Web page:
PITTSBURGH - Mid-week news and commentary:
n It's the Jets.
It would appear the Pittsburgh Steelers have caught a break. They don't have to travel for the AFC Championship game, and they don't have to play the New England Patriots.
But don't get carried away celebrating.
Maybe coach Rex Ryan's bluster detracts from the reality that the New York Jets are a good team.
Ryan and his staff are undoubtedly scheming ways to exploit the Steelers' patchwork offensive line right now.
If history is any indicator, the Steelers will do what they can to avoid talented cornerback Darrelle Revis, so that will compromise the passing game to some degree.
It wouldn't hurt to add a few unconventional wrinkles to this week's offense: maybe an option pass from Antwaan Randle El, maybe a reverse with Mike Wallace.
The Steelers can't get consumed with gimmicks, but they'd better have a Plan B if more conventional means are neutralized by the Jets.
On defense, coordinator Dick LeBeau should be working on a variety of blitz packages to confuse second-year quarterback Mark Sanchez.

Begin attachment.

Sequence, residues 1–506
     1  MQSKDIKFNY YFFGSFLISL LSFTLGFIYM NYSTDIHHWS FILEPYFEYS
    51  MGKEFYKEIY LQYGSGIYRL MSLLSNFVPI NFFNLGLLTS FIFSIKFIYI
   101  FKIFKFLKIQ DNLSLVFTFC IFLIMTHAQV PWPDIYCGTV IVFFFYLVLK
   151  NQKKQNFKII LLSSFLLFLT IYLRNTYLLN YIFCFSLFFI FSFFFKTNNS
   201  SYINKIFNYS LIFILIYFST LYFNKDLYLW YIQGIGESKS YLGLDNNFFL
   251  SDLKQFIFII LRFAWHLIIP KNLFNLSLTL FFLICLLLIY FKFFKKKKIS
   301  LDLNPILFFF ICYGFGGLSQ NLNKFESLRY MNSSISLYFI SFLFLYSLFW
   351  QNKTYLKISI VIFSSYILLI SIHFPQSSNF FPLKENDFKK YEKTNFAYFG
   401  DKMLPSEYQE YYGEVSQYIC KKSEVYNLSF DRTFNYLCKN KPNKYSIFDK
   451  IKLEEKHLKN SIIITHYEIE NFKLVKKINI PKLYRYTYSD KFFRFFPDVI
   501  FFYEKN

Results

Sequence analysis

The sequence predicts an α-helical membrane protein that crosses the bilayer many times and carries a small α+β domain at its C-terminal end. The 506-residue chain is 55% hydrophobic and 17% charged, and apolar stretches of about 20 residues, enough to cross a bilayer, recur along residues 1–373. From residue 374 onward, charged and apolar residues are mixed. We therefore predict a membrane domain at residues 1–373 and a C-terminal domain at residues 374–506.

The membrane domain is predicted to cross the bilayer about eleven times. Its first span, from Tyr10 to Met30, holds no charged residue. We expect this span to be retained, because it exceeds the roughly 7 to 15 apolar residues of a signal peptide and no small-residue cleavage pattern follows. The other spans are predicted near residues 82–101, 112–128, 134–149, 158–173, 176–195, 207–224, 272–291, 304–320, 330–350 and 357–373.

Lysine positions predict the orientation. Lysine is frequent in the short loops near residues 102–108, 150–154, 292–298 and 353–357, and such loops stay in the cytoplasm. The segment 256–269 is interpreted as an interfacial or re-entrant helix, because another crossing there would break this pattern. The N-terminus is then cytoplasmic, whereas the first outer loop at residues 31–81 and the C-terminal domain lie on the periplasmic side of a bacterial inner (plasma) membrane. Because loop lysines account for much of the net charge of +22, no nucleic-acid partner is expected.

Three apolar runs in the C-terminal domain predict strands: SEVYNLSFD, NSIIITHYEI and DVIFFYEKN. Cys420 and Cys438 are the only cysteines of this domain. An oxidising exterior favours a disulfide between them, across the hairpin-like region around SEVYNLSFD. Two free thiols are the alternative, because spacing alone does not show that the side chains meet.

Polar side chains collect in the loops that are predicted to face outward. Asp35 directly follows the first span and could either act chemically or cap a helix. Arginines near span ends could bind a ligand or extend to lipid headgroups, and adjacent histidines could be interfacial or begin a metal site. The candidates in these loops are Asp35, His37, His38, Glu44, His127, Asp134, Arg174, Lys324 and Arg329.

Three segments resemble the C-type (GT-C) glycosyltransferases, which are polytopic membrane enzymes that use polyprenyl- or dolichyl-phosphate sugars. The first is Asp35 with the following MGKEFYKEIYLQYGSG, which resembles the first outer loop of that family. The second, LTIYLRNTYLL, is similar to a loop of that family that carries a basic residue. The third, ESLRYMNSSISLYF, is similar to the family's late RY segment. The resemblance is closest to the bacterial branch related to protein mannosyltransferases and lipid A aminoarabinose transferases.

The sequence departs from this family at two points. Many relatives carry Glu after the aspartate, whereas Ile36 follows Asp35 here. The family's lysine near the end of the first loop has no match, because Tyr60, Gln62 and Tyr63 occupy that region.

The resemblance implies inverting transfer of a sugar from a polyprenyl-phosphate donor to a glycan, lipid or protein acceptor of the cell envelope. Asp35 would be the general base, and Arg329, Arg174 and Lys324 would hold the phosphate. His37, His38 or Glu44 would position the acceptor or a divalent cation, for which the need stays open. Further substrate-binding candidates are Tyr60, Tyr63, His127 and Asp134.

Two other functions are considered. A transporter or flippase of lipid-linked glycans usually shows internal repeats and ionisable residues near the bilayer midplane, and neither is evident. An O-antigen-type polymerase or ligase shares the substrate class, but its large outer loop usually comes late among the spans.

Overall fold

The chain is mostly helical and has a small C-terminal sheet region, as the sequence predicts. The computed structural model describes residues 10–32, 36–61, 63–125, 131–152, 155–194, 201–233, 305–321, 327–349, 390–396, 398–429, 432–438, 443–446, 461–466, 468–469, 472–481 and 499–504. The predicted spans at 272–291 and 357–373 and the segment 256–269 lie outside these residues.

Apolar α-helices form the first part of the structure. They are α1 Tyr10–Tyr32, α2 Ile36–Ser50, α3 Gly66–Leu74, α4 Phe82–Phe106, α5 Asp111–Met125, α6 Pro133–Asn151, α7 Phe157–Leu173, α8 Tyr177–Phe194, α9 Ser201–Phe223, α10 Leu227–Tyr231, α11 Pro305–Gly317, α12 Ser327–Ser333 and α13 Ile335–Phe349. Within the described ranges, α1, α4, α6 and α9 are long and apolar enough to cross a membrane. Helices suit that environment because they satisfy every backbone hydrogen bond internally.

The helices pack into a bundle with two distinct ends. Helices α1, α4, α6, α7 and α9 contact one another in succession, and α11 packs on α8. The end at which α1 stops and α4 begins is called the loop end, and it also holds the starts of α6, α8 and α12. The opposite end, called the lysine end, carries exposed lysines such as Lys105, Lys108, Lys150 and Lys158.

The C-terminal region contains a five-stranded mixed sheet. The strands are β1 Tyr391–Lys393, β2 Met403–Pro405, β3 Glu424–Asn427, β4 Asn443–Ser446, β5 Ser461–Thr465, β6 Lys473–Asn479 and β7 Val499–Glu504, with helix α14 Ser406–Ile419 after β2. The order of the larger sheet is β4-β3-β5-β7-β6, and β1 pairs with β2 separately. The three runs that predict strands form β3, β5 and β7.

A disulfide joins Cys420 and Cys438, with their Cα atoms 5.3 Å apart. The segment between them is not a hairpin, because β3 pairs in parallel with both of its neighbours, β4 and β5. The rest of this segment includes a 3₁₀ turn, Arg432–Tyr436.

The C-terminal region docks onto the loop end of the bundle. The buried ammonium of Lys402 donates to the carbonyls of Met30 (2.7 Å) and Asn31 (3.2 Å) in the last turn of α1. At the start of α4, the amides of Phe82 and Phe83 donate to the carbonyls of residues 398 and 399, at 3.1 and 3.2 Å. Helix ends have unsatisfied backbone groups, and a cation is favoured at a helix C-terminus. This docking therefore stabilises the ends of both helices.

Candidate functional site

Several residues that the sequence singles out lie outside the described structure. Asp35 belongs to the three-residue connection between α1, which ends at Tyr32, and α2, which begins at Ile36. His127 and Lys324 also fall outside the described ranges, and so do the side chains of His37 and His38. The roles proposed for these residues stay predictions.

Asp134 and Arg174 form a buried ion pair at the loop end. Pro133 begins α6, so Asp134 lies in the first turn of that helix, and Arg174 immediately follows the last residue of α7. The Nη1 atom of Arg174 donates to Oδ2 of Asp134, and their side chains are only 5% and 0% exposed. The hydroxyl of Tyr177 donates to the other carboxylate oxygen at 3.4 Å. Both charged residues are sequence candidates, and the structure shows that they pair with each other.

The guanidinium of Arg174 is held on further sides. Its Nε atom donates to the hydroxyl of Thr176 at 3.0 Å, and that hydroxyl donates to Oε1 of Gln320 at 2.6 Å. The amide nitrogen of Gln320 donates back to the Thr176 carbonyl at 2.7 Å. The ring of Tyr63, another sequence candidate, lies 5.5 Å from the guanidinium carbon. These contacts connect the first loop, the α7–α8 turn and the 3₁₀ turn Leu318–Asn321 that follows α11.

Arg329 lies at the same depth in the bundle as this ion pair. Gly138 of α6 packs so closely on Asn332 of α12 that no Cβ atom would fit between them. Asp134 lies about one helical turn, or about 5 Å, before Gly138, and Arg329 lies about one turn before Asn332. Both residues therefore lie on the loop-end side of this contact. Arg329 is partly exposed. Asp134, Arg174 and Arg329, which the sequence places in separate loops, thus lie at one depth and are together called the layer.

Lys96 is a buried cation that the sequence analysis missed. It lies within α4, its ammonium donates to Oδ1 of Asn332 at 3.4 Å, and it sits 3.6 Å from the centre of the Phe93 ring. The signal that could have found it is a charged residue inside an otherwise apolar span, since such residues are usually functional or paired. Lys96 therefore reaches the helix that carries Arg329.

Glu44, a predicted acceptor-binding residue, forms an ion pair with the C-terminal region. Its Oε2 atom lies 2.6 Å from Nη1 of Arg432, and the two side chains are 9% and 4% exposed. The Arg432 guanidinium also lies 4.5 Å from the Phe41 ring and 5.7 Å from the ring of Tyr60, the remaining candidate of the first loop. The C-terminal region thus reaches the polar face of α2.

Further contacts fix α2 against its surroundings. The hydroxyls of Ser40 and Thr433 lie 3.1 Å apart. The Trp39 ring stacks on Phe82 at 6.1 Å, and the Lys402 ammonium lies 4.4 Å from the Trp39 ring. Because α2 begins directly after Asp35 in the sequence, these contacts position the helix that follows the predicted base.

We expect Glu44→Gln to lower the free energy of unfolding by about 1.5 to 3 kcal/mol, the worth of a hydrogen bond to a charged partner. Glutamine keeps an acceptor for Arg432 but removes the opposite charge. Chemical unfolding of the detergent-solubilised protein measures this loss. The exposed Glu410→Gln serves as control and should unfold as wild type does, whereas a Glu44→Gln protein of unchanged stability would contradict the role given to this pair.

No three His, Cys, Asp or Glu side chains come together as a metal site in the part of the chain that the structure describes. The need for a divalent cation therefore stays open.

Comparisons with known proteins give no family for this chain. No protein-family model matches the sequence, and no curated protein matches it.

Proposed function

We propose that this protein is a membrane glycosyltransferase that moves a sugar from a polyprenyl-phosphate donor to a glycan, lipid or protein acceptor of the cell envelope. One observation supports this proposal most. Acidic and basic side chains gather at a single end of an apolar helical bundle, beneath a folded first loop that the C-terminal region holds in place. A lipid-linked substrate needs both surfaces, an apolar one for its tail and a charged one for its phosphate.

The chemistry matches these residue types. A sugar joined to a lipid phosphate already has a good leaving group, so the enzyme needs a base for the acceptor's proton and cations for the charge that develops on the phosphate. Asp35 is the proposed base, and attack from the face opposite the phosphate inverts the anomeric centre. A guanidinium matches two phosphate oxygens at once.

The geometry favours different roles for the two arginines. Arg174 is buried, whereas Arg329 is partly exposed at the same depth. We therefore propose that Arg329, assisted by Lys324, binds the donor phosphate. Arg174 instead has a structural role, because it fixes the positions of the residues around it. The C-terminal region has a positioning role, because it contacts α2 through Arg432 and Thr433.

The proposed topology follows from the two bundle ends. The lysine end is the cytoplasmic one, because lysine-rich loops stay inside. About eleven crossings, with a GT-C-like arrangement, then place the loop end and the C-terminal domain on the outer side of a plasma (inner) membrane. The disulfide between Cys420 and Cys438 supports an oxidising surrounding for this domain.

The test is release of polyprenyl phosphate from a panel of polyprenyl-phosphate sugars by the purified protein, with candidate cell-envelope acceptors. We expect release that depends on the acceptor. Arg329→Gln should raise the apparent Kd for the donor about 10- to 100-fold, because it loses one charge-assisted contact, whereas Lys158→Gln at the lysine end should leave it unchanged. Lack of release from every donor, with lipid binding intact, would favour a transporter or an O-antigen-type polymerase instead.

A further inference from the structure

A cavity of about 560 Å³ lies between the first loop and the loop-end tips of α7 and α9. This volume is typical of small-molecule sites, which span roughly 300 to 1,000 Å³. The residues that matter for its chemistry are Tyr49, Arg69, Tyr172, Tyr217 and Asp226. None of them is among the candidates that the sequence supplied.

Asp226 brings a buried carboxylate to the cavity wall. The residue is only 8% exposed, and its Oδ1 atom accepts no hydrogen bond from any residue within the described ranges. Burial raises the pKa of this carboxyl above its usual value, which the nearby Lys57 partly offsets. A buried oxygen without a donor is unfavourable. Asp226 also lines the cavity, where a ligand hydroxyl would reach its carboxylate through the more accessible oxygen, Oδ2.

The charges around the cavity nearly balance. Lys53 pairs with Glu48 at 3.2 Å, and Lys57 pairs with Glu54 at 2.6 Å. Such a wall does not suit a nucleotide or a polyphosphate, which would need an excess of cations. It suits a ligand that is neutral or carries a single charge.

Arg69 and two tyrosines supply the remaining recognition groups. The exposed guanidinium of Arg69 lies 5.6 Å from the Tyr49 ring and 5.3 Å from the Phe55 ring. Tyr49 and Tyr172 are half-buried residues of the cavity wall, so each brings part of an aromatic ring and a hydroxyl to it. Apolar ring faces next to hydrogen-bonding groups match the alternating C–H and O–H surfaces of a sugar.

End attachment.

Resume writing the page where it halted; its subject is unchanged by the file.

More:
The wild card factor in that is how much safety Troy Polamalu can do on an injured leg.
If Sanchez has time and a comfort level, he can make plays. As we were reminded last week, Santonio Holmes can make big catches even when a defense has tight coverage on him.
The Jets are a wild card entry, but they're no fluke.
It's nice to be at home, and it's nice to have Tom Brady sitting in his living room.
But the Patriots' exit from the playoffs doesn't guarantee anything for the Steelers.
n Sidney Crosby remains out of the Pittsburgh Penguins' lineup.
Tuesday's home game against Detroit was the sixth Crosby has missed since he was diagnosed with a concussion.
What's worse than that?
"There's no timetable," Crosby said about his return.
The NHL has built much of its promotion around Crosby: The Penguins appear frequently on network games, and the Winter Classic was awarded to Pittsburgh because the league wanted Crosby showcased.
Now he's out because he was blindsided by two nobodies.
If that doesn't make the NHL take a more serious stance against blows to the head, nothing will.
n Is the Pack back?
The Green Bay Packers have been the most impressive team in the NFL postseason to this point.
What's at the root of that? A sensible transition at quarterback, moving from Brett Favre to Aaron Rodgers.
It might have been rough at first, but the Packers did it the right way.
Look at all the drama they've missed by not having Favre around.
They're probably thankful every day.
Mehno can be reached at email@example.com.